3.7. The Implementation Methodology Used in This Approach

Crowd measure in the thermal video frame using motion analysis by applying the following steps of the proposed approach that presents the basic implementation and the proposed enhancements as mentioned above.

3.7.1. Frame Acquisition

This step is similar to its equivalent in the previous approach (crowd measure in thermal video frames using the heat signature technique), but without cropping the boxes and ruler representing the temperature degree.

3.7.2. Image Processing

This step converts color (RGB) images into gray-level images.

3.7.3. Background Construction

The main step of this approach is calculating the average frame image using a simple average model where the average intensity values for each pixel over a window of N frames are regarded as the background model [19]. The entire background modeling and segmentation process were carried out on grayscale images. Fast moving objects do not contribute much to the average intensity value, and also, very crowded videos have a background image which is not clear enough and may have many noises that affect the subtraction results. If Ij (x, y) is the intensity level at coordinates X = x and Y = y of frame j in the sequence and bg (x, y) is the average background model value at (x, y), then use the following equation (9) to extract it.

After applying the above equation, the background image was extracted, as shown in Figure 13.

3.8. Foreground Extracting

Then, the gray level of the selected frame is subtracted from the average frame to calculate the difference between them which will be the moving object pixels in this frame. For each pixel in I (t), take the pixel value denoted by [I (t)] and subtract it from the corresponding pixel at the same position on the background image denoted as [B (t)], as shown in equation (10).where [F (t)] denotes Frame containing moving pixels. [I (t)] denotes selected frame. [BG (t)] denotes Frame background.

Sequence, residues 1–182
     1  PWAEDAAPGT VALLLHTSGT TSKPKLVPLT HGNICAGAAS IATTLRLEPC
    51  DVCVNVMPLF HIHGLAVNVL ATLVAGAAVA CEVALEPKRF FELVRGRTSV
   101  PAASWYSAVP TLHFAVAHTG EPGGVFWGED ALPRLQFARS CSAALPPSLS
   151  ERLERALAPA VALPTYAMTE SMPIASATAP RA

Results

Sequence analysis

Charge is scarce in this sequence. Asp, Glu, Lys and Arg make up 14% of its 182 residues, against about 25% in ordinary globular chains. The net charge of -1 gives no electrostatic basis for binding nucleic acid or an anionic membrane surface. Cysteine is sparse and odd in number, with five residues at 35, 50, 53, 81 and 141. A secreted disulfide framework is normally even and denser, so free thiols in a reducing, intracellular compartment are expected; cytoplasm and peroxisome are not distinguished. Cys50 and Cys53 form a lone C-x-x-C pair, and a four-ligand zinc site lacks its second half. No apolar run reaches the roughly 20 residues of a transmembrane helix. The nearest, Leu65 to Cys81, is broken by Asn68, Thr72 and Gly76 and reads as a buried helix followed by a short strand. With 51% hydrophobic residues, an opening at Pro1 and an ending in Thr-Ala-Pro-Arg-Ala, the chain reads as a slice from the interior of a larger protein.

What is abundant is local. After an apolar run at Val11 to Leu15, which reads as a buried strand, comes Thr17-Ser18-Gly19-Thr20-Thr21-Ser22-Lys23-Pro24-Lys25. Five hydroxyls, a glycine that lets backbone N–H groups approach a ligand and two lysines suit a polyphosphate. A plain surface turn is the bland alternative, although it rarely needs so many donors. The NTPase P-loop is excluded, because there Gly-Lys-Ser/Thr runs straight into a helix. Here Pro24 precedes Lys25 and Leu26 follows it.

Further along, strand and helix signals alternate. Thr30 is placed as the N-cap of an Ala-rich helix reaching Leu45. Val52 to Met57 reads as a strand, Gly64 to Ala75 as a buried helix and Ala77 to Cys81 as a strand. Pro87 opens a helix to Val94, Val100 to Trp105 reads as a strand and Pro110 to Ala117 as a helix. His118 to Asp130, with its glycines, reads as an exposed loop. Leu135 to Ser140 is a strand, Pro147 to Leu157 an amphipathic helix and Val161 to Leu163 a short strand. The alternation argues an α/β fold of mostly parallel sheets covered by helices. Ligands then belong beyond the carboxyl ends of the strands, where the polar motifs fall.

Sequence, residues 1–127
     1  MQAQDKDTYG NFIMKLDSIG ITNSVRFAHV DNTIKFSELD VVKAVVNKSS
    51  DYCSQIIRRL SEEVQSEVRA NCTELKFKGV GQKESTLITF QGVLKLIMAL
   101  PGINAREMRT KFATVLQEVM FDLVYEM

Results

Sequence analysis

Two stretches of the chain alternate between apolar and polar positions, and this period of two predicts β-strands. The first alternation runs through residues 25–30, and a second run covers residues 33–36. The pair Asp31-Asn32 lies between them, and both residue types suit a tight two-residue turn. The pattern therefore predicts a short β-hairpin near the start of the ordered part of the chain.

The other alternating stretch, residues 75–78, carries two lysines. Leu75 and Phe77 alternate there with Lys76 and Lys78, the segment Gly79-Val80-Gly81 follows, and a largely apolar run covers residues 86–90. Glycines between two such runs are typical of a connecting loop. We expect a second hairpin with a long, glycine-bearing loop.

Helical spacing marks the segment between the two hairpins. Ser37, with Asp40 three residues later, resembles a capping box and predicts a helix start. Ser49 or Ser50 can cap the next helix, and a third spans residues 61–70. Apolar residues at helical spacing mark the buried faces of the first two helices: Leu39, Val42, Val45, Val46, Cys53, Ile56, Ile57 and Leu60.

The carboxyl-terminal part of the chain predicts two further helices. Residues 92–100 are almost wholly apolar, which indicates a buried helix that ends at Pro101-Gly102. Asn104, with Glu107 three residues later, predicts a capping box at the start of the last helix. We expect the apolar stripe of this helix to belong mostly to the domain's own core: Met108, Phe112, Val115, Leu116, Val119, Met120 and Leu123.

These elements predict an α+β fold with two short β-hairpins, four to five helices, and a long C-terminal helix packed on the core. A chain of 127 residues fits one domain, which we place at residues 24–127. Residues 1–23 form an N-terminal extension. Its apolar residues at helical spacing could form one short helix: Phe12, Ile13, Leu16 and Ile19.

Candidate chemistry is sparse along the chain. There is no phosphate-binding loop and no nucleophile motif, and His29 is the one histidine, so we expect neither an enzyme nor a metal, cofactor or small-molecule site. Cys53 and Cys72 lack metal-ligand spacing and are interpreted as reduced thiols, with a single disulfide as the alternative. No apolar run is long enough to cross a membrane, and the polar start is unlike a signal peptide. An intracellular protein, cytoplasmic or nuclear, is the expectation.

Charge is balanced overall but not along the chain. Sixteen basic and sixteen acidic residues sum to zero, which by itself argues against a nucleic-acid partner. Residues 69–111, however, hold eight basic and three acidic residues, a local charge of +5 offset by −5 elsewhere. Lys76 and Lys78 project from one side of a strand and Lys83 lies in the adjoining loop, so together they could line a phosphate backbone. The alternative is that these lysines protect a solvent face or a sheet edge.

3.9. Calculating Motion Threshold

A threshold is put on this difference image to determine whether each difference is a real moving object or a just small difference between images due to any type of noise using the estimated speed as mentioned above and from the following equation:where FPS denotes frames per second.

3.10. Frame Difference

Here the gray level of the selected frame subtracted from the average frame (background) and a previous frame is subtracted also from the background. The two differences subtracted from each other and compared the final difference with the calculated threshold to know the moving objects pixels between the two frames, as shown in the following equations:where [F (t1)] denotes frame containing moving pixels only at time N1 [F (t2)] denotes previous frame containing moving pixels only at time N2. [FN1 (t)] denotes selected frame at time N1. [FN2 (t)] denotes selected frame at time N2 [BG (t)] denotes background frame. [FD (t)] denotes the frame containing the difference in movement between time N1 and time N2.